The Decree nr.28401 of 31/12/37 stated that the "Aeronáutica Militar Portuguesa" in peace time was to be composed of:
 

Other non-flying units were also established.

The fighter squadrons would have 15 aircraft, the bomber squadrons 5 aircraft, and the reconnaissance squadrons 9 aircraft.

Three Bases Aéreas were established: Sintra, Ota and Tancos, and a Campo Base - Lisbon. As a remark, the designation by numbers, that is Base Aérea 1-Sintra, was to be adopted only in 1940. The air units assigned to Amadora and Alverca were disbanded in 1938.

By this time had been, or were in process of being ordered, a large quantity of new aircraft : Hawker Hind, Hawker Fury, DH-84 Dragon, JU-52, JU-86, Gloster Gladiator, Breda Ba-65, to equip the newly created units . The Portuguese Government also wanted to order 12 Spitfire I, but the request was turned down, and instead Gladiator aircraft were supplied.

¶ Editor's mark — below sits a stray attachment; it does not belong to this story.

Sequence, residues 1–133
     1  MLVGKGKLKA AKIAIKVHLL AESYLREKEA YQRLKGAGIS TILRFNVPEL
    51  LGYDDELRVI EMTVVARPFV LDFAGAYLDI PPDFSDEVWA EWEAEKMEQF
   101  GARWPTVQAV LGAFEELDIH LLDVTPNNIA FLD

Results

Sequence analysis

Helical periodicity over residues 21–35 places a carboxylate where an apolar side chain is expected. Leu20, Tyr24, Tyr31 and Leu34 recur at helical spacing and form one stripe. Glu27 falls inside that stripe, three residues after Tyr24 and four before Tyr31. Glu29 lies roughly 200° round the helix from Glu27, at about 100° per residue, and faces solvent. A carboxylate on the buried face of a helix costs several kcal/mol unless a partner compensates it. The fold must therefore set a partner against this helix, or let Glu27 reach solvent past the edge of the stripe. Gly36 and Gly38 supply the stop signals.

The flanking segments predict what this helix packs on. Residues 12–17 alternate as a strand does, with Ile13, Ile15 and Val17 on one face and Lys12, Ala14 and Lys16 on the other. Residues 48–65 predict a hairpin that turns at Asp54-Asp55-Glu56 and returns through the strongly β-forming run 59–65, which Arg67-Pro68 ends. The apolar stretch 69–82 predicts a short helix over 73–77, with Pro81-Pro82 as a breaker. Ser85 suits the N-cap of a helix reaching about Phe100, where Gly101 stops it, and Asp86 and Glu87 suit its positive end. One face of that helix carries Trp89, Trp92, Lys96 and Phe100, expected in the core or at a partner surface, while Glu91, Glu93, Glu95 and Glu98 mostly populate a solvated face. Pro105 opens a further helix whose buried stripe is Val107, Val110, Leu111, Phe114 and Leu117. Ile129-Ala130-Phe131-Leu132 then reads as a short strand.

As a consequence of the W.W.II, in June 4, 1941 the steamship "Mirandela" left Lisbon for the São Miguel Island in the Açores (Azores) loaded with 30 Gladiator and five Ju-52 aircraft, support material and personnel.
The  Ju-52 were  assigned to Rabo de Peixe Aerodrome in S.Miguel, together with  15 Gladiator. These last ones formed the Esquadrilha de Caça Expedicionária 1(Expeditionary Fighter Flight 1). The aerodrome was renamed Base Aérea 4 (Air Base .4). The second group of  Gladiators disembarked at Terceira Island, where   the Esquadrilha de Caça Expedicionária 2 (Expeditionary Fighter Flight 2) was activated. In October 1941 the British supplied 12 Curtiss Mohawks which formed the Esquadrilha Expedicionária de Caça 3 at São Miguel.

In 1943, and worried by the increase of German submarine operations in the Atlantic, the United Kingdom requested and obtained permission to operate anti-submarine aircraft from Terceira Island, which was done from the end of 1943 with the RAF 247th Group from Lajes Airfield in Terceira, built meanwhile.